Rajeev Mittal, the head of a Hindu nationalist group that has campaigned against mosques in the area, insists his campaign is strictly about upholding municipal planning laws. “We are not against people offering prayer, but it should be done in the mosque or in all the areas designated for them,” he said.
The BJP points to statistics that show there have been no large-scale religious riots under Modi’s prime ministership, and no surge in bias crimes in the country’s official data – though some rights groups argue this information is patchy and unreliable.
The impact of Modi’s rule has been to embolden extremists, his critics say, and create a culture where religious chauvinism and impunity can flourish.
“More than riots, Muslims fear the pinpricks,” said Meenakshi Ganguly, the south Asia director for Human Rights Watch. “It’s the Muslim vegetable vendor who is suddenly beaten up, it’s when Muslim families say they are worried about taking lunch boxes because they don’t know when they’re going to be accused of carrying beef.
“People feel entitled to impose their voices, and to do so violently, and there is no assurance the state will step in and protect them.”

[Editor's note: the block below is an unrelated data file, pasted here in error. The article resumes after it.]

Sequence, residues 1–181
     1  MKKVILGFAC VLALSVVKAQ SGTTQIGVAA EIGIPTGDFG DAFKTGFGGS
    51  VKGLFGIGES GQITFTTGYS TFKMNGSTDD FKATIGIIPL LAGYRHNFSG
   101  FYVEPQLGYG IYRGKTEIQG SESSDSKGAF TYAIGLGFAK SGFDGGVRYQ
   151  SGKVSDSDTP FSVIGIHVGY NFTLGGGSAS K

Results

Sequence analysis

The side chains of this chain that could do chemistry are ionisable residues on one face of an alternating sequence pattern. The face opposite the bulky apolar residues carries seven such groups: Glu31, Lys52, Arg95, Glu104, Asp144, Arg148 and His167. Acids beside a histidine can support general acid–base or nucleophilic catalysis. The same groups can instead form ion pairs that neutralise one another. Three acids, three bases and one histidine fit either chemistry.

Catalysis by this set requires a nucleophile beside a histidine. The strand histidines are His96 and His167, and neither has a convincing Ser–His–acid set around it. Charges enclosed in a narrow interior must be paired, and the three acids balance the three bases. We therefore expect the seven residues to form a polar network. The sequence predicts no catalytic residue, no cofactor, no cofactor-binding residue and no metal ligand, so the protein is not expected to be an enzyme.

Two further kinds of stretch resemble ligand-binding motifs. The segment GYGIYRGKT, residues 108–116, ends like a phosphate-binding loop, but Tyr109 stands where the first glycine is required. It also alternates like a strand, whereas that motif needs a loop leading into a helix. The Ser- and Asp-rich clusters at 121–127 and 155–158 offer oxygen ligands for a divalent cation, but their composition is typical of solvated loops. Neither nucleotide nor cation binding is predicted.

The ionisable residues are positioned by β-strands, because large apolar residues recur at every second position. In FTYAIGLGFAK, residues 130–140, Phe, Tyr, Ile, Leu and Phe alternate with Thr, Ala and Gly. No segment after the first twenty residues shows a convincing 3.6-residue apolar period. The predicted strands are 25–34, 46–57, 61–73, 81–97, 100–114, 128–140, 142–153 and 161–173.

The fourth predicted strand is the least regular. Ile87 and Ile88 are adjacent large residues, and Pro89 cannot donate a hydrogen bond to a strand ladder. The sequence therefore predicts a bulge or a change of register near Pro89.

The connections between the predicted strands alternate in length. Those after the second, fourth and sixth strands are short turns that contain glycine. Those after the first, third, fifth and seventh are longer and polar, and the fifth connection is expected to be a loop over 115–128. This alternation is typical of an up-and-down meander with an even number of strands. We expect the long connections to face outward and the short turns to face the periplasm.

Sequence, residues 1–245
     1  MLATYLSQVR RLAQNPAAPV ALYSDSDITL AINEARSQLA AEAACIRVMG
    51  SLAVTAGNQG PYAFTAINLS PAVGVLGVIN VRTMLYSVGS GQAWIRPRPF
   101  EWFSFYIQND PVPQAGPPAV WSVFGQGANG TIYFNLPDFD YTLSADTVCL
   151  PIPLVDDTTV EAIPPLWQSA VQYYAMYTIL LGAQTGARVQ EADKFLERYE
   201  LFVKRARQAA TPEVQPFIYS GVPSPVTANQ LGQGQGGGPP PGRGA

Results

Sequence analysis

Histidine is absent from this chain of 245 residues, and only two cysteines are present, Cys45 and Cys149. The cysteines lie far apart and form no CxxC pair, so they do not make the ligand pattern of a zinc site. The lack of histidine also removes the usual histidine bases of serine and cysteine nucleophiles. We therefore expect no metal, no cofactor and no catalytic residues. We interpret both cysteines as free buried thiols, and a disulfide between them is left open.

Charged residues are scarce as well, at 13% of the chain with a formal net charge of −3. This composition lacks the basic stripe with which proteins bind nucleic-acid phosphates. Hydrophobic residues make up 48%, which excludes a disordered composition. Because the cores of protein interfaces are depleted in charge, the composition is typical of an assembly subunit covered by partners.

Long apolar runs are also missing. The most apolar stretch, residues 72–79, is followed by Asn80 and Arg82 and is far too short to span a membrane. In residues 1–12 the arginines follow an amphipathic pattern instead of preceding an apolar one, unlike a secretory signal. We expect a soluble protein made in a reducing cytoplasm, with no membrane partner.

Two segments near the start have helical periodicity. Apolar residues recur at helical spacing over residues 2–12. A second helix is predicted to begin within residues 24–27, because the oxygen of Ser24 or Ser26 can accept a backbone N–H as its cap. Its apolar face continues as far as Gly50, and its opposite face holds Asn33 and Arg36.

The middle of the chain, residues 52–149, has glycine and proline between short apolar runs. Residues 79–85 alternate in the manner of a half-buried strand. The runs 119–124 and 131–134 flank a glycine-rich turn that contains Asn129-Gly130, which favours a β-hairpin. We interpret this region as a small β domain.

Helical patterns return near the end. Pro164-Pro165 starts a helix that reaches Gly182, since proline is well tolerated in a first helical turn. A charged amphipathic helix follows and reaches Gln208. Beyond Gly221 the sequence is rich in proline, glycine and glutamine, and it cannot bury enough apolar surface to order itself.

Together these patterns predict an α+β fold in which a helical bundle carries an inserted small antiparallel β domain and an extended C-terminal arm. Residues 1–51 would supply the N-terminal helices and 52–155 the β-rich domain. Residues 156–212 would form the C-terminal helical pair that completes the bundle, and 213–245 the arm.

Photograph: Adnan Abidi/Reuters
Modi’s supporters and opponents alike recognise that his victory on 23 May is the cementing of an ideological shift in what will soon be the world’s most populous country. Most elections are a choice between competing visions, but India’s polls this year were, in the words of the Congress MP Shashi Tharoor, “a battle for India’s soul”.
In dispute is a century-old argument about the myths that should fuel Indian nationalism. The country’s first prime minister, Jawaharlal Nehru, surveyed the extraordinarily diverse subcontinent and conceived it as a parchment “on which layer upon layer of thought and reverie had been inscribed, and yet no succeeding layer had completely hidden or erased what had been written previously”.
Opposing him were Hindu nationalists such as Vinayak Savarkar, an atheist but one who viewed Hinduism in its innumerable manifestations as a set of cultural practices that bound the subcontinent’s people together as a single nation. His vision left little room for Muslims or other minorities.
“Mohammedan or Christian countrymen … are not and cannot be recognised as Hindus,” Savarkar wrote in a 1923 treatise. “Their holy land is far off in Arabia or Palestine. Their mythology and godmen, ideas and heroes are not children of this soil.”